Justin Tomlinson who is the Chair of the All Party Parliamentary Group on Libraries is keen to look at the matter in more detail, as is Dan Jarvis, publishers, booksellers, librarians and users. Mr Tomlinson set out his views in an open letter response on an email list, which if you recall I responded to. He invited me to have a discussion with him today in order to better understand the views of professionals. The major point of concern is that publishers are very much of the opinion that they have a product (the eBook) and they want to get the best return on that investment that they can. They feel that by the sale of eBooks to libraries they will not get that return, and so for them to consider this, they need some form of recompense. (Individual publishers may well feel differently of course - there's no standard approach to this, and I think it's one of the things that will need to be discussed in any round table discussions that are had on the subject.)
Mr Tomlinson pointed out that he has no power to tell publishers what they should or should not do, so wanted to look at possible ways in which eBooks could be provided to users (thus satisfying our requirements) while providing a fair income model for publishers. He identified various different approaches that could be taken. There was 'do nothing', which we both agreed was pointless. An alternative was to see if the Government would pay publishers for a loss of income, which as we're living in the real world, simply isn't going to happen. The people who actually use eBooks could be expected to pay a fee for the use of the book, with some of the money going to the publisher as their remuneration, with the rest being ringfenced for the use of the library by the librarian. The final option was for the cost of the eBooks to come out of the existing budgets - either from the book budget, or by finding money from elsewhere such as reduced staff.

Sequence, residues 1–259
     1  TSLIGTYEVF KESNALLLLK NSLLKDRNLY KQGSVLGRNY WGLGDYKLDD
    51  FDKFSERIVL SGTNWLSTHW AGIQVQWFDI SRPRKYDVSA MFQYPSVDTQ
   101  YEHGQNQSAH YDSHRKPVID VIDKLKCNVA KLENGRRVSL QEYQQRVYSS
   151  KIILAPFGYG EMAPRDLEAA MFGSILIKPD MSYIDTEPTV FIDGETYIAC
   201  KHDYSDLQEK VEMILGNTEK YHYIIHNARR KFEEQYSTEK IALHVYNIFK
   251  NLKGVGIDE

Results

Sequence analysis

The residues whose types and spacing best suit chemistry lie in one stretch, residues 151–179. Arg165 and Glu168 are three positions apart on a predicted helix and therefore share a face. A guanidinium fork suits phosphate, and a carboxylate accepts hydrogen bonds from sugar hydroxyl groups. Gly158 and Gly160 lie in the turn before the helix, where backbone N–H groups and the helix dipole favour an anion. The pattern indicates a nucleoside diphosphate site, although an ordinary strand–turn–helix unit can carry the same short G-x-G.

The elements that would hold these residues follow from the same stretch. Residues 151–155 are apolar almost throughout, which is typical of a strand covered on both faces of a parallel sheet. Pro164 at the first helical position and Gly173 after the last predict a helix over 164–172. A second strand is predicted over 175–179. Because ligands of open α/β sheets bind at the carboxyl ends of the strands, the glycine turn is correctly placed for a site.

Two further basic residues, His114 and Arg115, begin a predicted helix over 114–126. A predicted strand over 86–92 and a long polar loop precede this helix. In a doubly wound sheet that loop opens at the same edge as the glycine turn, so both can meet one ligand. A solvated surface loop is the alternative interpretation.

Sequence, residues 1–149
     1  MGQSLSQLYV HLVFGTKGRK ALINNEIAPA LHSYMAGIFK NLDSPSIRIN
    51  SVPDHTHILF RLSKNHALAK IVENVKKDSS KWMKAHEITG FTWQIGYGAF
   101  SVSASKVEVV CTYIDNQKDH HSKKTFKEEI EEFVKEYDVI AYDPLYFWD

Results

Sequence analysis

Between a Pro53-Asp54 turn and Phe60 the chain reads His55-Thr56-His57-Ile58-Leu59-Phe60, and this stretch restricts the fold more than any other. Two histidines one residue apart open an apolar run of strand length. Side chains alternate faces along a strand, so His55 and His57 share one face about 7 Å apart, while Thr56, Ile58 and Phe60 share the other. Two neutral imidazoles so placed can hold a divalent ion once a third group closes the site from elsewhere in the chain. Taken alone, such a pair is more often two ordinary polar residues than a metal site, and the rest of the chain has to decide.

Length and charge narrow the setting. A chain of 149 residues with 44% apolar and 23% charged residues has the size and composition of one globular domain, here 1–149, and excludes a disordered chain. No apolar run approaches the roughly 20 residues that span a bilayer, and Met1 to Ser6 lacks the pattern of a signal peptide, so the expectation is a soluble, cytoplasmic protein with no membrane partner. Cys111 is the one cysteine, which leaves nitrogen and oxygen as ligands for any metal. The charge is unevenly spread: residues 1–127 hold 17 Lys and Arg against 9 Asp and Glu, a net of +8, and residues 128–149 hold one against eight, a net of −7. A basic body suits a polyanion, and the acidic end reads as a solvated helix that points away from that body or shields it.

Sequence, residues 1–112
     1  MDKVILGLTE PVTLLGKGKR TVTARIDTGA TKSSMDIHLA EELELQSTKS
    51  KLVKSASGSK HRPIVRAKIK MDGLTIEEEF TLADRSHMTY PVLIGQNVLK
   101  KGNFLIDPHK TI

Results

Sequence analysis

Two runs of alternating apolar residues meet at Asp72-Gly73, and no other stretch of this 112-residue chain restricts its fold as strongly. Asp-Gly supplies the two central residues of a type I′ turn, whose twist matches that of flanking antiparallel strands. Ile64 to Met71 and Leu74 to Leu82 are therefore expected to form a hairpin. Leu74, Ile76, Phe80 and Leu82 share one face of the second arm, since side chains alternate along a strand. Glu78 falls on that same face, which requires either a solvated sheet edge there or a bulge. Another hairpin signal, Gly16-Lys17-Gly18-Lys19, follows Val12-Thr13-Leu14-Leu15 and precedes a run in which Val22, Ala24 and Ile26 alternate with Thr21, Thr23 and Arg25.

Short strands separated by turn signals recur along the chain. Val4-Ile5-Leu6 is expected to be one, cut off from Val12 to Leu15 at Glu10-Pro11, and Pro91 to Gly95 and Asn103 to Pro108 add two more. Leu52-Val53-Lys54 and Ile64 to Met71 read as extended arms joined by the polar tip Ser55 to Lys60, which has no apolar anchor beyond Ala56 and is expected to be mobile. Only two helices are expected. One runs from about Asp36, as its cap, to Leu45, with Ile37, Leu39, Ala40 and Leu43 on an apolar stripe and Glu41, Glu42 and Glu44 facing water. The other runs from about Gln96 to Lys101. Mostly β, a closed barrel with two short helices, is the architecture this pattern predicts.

Mr Tomlinson feels that the majority of users of eBooks will be in a position to afford to pay their own way, if for no other reason than they already have the money for a reader. As such, they can help to support the library financially. His point to me was that if libraries don't charge for eBooks, they will be supplying a format that not everyone can use, and there will consequently be less money in the book budget for printed books which everyone can read. My opinion is that eReaders are dramatically reducing in price, people can read on their mobile device or on their computers, so I don't think they are as out of reach as he assumes. Moreover, if we look at the slightly longer term, the price is going to continue to drop, in common with all technological devices. Furthermore, if we move to a pricing model for eBooks, there will come a time when the majority of titles are not available in a physical format, and we will have slipped into a world where free access to books is gone for good. Much of the argument here is based around the extent to which eBooks will take over, the price and access to eReaders. I believe that this will happen sooner rather than later. If you take the view that books in a physical format are going to be around for a much longer time scale, it could (could!) be argued that the eBook version is an expensive add on service, akin to CDs and DVDs, which users are expected to pay for. I can understand Mr Tomlinson's view that if a library buys an eBook, (or access to an eBook) it means that some users will not be able to use it. However, not everything that a library buys is going to be used by the entire community anyway, and some expensive print materials may only be used by a small number of people. That's not necessarily a reason not to buy something however. We could also argue that buying books that cannot be removed from the library is unfair since the housebound are not going to be able to access them.